“(Portrait of Jason is) a perfect film made one night at the Chelsea Hotel in 1962 about a black gay, self-proclaimed hustler named Jason, that only becomes more moving, and more brilliant with time. Holds up as well today as the morning after it was shot.”

JE, TU, IL, ELLE (1976)

“This is Chantal Akerman, who plays herself in the film, and it's about young love. It's, conceptually, genius and also very open and clear in terms of its ideas. I love the film.”


“This is James Bidgood's film. He's alive and well, and he's actually in Keep The Lights On – he's the guy they interview. He made this amazing film that he constructed in his bedroom and loft in Manhattan over a six year period in the early 70s. He built every set. Have you ever seen Pierre et Gilles? They're photographers and they're sort of modelled after Pink Narcissus. Pink Narcissus is a kind of homo-fantasy with lots of guilt and glitter, muscle and theatricality. It's silent, funny and really beautiful.”


"I just saw Hedwig again, and I was struck by how much the movie moves me, more than the play. I think there's something about it, and how good John Cameron Mitchell is as a filmmaker; it's touching in a way that I feel like he's not fearful of sentiment, and I get a lot from that. He's working on Hedwig 2, which I saw a reading of and it was very personal, very honest and about growing older and death – I mean tough and interesting. I admire him a lot.”

WORD IS OUT (1977)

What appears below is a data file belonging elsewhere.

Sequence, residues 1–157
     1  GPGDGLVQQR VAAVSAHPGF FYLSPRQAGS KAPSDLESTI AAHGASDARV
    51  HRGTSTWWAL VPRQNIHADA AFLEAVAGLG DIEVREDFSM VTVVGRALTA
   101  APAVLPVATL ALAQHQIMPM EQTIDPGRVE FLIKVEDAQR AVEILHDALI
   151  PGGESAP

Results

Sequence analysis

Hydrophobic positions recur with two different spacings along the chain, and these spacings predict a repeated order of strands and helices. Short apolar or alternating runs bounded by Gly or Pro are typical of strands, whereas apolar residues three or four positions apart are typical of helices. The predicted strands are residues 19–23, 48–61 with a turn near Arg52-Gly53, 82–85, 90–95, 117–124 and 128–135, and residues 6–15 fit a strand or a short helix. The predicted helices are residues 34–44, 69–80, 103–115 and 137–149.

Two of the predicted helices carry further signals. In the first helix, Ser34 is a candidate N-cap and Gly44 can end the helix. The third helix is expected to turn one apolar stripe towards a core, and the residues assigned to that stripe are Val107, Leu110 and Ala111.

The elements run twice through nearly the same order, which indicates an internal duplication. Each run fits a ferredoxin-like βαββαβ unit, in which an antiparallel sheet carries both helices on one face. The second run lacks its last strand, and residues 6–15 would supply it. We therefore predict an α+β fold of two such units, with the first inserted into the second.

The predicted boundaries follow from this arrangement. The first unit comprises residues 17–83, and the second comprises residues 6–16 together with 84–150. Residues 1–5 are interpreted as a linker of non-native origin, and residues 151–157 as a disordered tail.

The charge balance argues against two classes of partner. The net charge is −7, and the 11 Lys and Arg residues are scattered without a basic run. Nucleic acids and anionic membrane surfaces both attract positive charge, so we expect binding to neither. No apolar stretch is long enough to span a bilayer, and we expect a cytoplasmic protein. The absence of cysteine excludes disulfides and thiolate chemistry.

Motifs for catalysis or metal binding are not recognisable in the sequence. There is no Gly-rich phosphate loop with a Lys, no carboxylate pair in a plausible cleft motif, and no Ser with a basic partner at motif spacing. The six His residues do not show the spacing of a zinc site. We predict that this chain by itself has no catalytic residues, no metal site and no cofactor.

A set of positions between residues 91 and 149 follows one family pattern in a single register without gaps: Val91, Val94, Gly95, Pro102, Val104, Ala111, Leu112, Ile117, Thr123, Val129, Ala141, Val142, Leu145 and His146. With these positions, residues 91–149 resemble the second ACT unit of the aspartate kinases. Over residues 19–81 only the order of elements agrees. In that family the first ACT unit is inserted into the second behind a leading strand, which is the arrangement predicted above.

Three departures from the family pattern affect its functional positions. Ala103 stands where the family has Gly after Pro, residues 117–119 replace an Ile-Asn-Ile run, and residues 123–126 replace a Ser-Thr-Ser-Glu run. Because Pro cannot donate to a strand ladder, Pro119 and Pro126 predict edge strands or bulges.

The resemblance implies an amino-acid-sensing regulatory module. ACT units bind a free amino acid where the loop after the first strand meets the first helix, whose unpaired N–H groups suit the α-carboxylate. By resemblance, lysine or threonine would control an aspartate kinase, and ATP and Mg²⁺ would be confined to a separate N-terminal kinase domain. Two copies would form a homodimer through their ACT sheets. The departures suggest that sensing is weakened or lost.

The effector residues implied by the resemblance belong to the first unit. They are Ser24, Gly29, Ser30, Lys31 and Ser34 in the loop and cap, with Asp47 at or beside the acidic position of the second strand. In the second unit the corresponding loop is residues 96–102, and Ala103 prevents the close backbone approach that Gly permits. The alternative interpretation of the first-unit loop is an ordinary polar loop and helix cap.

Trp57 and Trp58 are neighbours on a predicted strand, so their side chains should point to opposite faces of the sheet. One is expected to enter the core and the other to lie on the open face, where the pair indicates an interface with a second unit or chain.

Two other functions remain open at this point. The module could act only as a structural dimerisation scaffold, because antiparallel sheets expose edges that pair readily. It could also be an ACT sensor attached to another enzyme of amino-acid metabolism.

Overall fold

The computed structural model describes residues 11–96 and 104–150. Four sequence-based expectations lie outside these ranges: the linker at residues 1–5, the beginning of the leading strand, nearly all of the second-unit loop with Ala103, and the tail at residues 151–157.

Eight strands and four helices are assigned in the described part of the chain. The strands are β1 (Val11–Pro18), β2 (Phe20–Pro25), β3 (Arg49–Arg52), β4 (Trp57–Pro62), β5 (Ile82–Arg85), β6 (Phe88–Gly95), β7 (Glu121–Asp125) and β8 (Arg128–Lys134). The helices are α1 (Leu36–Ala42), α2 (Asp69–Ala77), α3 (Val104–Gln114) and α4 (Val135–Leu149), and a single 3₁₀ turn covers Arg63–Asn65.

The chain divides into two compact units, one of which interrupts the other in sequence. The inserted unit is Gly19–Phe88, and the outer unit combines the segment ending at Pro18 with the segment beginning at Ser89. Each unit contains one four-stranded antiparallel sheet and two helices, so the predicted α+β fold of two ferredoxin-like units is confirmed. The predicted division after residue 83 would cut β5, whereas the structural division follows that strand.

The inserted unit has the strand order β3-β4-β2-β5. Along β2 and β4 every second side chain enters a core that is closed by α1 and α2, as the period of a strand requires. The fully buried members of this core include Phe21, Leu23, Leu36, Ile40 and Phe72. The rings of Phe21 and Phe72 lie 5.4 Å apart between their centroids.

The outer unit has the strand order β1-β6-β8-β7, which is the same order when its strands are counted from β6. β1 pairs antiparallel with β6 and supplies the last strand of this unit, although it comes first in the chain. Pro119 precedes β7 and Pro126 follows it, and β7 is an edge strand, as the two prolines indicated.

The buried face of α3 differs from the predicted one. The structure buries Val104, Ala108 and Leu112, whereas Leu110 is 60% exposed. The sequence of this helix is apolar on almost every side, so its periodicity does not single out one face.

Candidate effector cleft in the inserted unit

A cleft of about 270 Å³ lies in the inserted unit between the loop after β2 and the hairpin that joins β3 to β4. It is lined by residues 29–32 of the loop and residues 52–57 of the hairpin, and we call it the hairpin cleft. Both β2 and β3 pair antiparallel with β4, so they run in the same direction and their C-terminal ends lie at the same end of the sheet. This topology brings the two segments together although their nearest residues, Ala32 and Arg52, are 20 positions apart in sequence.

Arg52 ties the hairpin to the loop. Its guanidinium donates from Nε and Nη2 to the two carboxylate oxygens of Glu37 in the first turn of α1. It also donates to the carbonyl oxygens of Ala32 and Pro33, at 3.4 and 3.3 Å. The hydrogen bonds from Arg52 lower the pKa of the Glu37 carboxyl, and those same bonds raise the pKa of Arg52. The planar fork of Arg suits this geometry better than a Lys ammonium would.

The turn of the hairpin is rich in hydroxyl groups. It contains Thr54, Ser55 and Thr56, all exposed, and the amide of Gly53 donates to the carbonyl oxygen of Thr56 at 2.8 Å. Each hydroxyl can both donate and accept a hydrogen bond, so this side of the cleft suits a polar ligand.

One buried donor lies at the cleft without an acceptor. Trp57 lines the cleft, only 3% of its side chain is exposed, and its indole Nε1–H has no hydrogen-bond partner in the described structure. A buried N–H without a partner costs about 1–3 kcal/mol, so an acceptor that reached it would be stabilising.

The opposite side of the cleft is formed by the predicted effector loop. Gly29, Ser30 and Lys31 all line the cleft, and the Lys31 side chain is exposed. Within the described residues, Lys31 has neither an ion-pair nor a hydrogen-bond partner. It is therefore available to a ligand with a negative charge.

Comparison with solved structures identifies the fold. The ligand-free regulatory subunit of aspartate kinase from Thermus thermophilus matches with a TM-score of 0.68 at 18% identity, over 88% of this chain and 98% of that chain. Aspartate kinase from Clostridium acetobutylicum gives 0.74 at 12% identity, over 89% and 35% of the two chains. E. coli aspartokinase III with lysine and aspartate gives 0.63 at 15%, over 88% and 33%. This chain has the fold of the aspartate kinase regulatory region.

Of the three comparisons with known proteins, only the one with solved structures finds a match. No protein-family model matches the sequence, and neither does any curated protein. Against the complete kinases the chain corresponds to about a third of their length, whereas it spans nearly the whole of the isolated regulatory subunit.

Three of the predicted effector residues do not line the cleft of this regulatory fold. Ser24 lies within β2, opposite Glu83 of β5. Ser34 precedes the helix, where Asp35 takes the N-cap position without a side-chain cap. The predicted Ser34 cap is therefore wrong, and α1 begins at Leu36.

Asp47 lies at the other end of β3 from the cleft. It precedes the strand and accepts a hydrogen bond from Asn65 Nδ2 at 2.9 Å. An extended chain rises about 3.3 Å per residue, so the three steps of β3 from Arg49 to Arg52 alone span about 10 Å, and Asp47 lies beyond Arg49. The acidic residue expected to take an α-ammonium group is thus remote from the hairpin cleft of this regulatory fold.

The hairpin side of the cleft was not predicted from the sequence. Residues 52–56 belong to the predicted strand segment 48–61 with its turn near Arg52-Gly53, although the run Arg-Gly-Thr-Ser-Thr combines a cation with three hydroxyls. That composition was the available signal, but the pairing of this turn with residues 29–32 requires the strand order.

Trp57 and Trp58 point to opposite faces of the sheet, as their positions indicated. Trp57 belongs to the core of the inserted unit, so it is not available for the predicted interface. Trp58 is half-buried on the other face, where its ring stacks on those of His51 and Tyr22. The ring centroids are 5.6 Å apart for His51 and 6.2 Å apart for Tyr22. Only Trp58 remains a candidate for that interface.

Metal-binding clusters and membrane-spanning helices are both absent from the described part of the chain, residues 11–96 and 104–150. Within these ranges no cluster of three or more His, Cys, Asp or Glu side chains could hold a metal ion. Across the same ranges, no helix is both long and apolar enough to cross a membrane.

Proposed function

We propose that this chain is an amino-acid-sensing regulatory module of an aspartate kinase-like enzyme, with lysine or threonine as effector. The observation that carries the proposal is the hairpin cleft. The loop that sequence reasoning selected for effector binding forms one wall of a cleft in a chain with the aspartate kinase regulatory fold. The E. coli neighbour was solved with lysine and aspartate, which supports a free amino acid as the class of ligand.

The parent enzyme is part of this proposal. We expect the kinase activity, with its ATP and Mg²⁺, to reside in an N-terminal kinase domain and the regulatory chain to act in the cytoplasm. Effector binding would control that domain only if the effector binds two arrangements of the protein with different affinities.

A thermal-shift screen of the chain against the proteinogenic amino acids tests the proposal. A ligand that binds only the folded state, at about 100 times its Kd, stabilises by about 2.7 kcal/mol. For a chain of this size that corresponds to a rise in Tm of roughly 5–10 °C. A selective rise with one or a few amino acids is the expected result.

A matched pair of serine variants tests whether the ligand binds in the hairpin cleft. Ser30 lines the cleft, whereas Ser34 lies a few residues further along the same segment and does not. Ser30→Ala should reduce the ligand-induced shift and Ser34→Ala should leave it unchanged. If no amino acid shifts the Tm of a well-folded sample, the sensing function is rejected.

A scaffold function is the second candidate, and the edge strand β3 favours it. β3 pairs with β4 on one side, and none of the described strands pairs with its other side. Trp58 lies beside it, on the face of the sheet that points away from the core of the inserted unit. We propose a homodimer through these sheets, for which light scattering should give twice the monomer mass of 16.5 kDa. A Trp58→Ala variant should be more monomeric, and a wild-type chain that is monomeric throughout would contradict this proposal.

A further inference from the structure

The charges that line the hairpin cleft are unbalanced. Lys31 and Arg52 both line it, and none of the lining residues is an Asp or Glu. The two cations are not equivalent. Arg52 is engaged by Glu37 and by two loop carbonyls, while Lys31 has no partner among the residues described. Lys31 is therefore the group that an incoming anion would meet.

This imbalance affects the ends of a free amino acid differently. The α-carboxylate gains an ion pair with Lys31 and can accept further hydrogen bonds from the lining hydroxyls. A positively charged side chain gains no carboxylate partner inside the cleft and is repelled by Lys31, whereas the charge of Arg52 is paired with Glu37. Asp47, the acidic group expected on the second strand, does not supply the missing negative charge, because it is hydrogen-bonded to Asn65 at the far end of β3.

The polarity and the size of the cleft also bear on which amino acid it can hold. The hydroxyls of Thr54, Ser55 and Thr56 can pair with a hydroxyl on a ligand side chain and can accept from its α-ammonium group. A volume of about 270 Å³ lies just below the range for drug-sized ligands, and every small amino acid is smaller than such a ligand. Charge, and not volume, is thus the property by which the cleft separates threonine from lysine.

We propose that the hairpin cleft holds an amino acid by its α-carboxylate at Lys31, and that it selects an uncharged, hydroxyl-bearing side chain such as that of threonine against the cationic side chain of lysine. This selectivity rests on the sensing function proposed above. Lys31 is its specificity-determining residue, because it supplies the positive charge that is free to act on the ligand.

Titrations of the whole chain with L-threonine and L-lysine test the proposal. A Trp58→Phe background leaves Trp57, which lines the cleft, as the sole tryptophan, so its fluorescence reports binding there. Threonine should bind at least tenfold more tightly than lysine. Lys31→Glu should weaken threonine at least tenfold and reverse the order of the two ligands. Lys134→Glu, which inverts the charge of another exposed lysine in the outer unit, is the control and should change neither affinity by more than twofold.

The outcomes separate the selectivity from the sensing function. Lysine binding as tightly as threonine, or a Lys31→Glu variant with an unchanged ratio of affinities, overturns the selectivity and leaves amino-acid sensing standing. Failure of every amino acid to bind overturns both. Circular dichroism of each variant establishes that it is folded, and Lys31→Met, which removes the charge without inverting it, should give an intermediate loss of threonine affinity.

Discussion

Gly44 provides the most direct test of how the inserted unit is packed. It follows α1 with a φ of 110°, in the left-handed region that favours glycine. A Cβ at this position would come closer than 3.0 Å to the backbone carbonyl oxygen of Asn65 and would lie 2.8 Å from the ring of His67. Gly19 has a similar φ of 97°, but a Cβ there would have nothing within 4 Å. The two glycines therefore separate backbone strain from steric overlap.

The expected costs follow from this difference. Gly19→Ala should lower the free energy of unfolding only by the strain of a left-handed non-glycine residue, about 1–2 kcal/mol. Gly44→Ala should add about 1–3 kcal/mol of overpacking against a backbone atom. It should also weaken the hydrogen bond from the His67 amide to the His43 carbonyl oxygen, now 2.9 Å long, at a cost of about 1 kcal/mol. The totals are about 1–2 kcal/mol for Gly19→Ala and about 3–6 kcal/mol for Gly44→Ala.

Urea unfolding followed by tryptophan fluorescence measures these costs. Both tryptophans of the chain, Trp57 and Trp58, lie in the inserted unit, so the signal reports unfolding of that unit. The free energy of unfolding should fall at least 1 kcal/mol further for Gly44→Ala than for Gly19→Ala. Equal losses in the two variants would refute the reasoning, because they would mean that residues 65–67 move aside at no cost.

“If you've not seen this you should rent it instantly. It's a documentary that came out in the early 70s, which by the time I was out I thought it was already too passé to see a movie called Word Is Out, so I actually missed it for about 20 years. It's one of the best documentaries that I've ever seen – I love the film. A collective in San Francisco made it, and it's a document of eight or nine different gay lives at that time. It's beautiful to look at, shot on 16 – it's just stunning. Every shot is a photojournalist's dream. And it's also fascinating to realise that times have changed and times have not changed, and also that there were people living openly as gay people before we knew it.”


“Another Fassbinder film, which is one I think about often, particularly the title, and to be reminded that fear does eat the soul. This is a film about an old German woman who falls in love with a young, handsome Arab man and their communities forbid their relationship. But it's actually the most romantic of Fassbinder films, and it's a film about the possibility of love.”

Love is Strange is out in cinemas on 13 February